ag has a bend on the left of the a, a straight on the right of the a, two bends on the left of the g and a straight on the right of the g \ Silver has two straight letters - il, three bend letters - ser and one that isn't bendy or straight... (v)

I'm a form of a word,
But not the one you're used to.

ag is a form of silver, but not the one you'd necessarily expect unless you are a chemist/physicist or some such

You know, I'm my third,

Silver is for second, but it's a third of the medal winners

You'll find me if you choose to.

Flavour text fluff to make it rhyme (like line 3)

The answer is definitely not the best, but some of the things look too coincidental.

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  • $\begingroup$ +1 I was thinking seriously about ag and ga too. But haven't had the time to formulate a proper answer yet.(Side effect of puzzling while on the job >.>) Good job $\endgroup$ – stack reader Nov 29 '16 at 6:18
0
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Ok here's my best guess:

sins

I'm found in a gong, I look the same from both ends.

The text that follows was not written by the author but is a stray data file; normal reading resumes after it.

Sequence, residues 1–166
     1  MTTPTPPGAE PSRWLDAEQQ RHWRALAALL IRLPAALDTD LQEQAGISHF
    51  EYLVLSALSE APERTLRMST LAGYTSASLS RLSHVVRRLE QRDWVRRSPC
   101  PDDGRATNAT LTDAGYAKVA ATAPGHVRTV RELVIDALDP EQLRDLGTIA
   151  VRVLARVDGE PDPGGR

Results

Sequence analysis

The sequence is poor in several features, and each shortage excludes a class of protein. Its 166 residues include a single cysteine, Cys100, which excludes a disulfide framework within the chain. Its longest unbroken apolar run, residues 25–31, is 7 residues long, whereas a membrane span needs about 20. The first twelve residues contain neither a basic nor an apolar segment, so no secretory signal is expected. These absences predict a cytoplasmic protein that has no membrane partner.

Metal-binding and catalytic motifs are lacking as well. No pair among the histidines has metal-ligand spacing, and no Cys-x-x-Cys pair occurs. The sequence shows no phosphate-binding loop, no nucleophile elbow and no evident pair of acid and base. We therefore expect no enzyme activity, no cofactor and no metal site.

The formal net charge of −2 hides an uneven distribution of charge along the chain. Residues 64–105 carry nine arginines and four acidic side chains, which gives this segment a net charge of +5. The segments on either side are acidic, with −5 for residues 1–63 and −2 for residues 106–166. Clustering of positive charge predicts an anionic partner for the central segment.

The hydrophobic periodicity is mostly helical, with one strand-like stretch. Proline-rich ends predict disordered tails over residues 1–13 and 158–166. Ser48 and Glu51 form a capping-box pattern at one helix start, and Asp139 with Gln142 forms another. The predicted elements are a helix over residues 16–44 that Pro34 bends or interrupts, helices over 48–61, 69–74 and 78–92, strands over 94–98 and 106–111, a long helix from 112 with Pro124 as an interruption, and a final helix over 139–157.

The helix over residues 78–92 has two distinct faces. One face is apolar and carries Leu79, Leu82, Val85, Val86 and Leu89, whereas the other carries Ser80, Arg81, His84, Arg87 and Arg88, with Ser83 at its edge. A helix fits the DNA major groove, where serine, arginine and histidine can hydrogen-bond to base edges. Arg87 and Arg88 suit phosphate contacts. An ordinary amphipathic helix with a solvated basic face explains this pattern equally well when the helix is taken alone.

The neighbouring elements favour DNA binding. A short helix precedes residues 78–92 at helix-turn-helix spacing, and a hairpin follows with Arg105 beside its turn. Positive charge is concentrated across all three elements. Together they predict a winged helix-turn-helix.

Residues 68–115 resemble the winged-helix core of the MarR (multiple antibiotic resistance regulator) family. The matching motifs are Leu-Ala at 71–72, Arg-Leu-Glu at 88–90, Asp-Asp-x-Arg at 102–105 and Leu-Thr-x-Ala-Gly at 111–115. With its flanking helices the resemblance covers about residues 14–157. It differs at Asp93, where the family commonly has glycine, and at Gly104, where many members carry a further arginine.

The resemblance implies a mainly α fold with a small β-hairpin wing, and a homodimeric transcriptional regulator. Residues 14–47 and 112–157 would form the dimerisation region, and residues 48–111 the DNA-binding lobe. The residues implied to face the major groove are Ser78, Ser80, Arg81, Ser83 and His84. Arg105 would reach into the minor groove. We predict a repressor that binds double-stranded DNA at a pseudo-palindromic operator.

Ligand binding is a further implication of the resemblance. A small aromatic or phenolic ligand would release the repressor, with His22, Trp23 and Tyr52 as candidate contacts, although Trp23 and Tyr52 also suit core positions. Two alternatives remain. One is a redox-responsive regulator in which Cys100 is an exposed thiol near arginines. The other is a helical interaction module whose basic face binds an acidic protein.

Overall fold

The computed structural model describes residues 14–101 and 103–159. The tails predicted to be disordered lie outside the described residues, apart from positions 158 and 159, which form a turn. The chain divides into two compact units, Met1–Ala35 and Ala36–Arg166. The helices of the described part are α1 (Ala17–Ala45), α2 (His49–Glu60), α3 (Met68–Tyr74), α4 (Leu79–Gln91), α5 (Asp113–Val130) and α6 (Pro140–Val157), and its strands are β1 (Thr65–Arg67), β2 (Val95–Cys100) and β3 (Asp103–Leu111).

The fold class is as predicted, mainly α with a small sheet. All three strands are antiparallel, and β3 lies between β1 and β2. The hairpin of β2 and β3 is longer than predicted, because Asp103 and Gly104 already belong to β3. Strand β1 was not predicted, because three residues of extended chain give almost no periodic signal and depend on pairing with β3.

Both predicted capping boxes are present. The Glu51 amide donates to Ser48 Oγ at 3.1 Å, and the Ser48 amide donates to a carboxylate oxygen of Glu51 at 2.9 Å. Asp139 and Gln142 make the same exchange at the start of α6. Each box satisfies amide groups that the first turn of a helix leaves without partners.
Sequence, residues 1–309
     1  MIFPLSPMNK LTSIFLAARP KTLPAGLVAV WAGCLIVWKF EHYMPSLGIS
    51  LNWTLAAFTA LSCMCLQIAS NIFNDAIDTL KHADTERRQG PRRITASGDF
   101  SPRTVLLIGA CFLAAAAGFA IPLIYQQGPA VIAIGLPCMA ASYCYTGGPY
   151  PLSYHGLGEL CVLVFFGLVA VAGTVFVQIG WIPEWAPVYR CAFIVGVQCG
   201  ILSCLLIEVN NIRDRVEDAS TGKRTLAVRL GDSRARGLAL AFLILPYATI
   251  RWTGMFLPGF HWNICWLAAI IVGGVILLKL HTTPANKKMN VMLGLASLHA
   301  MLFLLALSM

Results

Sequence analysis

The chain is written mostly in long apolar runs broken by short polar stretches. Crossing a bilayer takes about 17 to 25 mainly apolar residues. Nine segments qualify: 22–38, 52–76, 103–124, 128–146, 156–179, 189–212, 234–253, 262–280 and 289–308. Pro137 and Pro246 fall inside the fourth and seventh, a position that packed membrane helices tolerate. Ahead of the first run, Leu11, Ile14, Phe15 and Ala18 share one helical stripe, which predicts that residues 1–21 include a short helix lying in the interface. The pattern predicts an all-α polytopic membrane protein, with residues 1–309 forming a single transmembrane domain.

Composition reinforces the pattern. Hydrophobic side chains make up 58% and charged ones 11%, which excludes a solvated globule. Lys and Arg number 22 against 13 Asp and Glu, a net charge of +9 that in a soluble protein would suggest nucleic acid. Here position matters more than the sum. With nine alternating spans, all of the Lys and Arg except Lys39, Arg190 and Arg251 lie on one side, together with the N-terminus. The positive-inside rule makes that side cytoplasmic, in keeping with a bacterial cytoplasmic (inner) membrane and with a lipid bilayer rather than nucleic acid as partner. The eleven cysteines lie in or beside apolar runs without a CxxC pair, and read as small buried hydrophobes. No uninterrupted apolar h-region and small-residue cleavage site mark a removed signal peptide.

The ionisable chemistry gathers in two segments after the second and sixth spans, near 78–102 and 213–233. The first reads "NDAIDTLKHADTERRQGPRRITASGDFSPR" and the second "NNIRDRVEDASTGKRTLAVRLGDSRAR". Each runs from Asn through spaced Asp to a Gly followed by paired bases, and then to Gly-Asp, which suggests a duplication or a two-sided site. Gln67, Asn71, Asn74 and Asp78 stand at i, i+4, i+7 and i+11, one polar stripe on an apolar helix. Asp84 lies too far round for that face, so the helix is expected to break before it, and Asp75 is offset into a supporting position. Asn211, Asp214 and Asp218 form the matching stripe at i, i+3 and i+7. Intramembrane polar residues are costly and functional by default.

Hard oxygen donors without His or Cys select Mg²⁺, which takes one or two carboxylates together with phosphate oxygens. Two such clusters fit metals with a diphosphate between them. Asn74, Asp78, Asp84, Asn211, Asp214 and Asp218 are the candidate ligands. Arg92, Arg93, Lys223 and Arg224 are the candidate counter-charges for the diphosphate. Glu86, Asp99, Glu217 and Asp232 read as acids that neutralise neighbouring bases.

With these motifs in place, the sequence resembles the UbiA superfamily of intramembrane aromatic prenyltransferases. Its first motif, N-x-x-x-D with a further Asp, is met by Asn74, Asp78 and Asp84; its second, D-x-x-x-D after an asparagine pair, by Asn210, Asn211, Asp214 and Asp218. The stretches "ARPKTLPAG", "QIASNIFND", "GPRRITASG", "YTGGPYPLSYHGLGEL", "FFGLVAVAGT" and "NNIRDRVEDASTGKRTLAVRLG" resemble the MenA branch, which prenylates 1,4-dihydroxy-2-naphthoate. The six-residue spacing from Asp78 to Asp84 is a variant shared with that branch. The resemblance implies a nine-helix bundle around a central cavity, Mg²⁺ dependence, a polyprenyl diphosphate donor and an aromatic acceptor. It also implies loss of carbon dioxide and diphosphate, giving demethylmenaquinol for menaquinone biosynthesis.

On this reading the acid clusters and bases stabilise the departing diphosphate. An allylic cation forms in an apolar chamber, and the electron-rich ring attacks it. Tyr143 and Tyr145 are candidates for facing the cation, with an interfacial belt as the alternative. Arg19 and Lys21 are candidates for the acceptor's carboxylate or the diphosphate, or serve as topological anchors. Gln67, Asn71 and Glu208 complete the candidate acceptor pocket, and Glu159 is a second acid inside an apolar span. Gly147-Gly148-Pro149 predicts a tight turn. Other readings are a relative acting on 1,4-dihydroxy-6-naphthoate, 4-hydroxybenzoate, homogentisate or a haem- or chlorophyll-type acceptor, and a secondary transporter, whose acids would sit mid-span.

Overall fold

It has the same first and last letter, like gong

Now don't get me wrong:

wrong

Two straight and three bends.

Sins has three bends and two straight lines in the letters

I'm a form of a word, But not the one you're used to.

This is where I start to doubt myself. Sins is normally used in the singular form, as sin. Instead of the noun-singular form (one), though, it's the verbal form. "He sins"

You know, I'm my third, You'll find me if you choose to.

"Sins" is the third-person form of the verb.

I know it's a huge stretch but it's the best I can come up with.

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  • 1
    $\begingroup$ Sorry, nope. The explanation for the first line is much more direct than this - not just any word with the same first and last letter would match. $\endgroup$ – Rand al'Thor Nov 27 '16 at 18:42
0
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Is it

gag

  • It's found in "a gong"
  • It's a palindrome
  • Two straight and three bends

I'm not sure how it fits this criteria

  • It's a synonym for

a joke

  • letters 1 and 3 are the same
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protected by Aza Nov 29 '16 at 3:06